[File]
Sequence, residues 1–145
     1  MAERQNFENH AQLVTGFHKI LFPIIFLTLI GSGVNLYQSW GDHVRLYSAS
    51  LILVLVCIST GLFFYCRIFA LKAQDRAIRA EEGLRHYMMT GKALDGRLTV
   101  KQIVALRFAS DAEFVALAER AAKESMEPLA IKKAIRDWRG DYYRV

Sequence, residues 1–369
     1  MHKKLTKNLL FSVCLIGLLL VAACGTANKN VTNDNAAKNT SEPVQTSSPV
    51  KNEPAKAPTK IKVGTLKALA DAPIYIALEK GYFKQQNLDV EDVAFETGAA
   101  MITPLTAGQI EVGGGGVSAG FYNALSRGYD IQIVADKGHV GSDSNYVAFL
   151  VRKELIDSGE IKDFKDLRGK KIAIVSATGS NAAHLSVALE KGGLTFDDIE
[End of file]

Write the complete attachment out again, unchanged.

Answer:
Sequence, residues 1–145
     1  MAERQNFENH AQLVTGFHKI LFPIIFLTLI GSGVNLYQSW GDHVRLYSAS
    51  LILVLVCIST GLFFYCRIFA LKAQDRAIRA EEGLRHYMMT GKALDGRLTV
   101  KQIVALRFAS DAEFVALAER AAKESMEPLA IKKAIRDWRG DYYRV

Sequence, residues 1–369
     1  MHKKLTKNLL FSVCLIGLLL VAACGTANKN VTNDNAAKNT SEPVQTSSPV
    51  KNEPAKAPTK IKVGTLKALA DAPIYIALEK GYFKQQNLDV EDVAFETGAA
   101  MITPLTAGQI EVGGGGVSAG FYNALSRGYD IQIVADKGHV GSDSNYVAFL
   151  VRKELIDSGE IKDFKDLRGK KIAIVSATGS NAAHLSVALE KGGLTFDDIE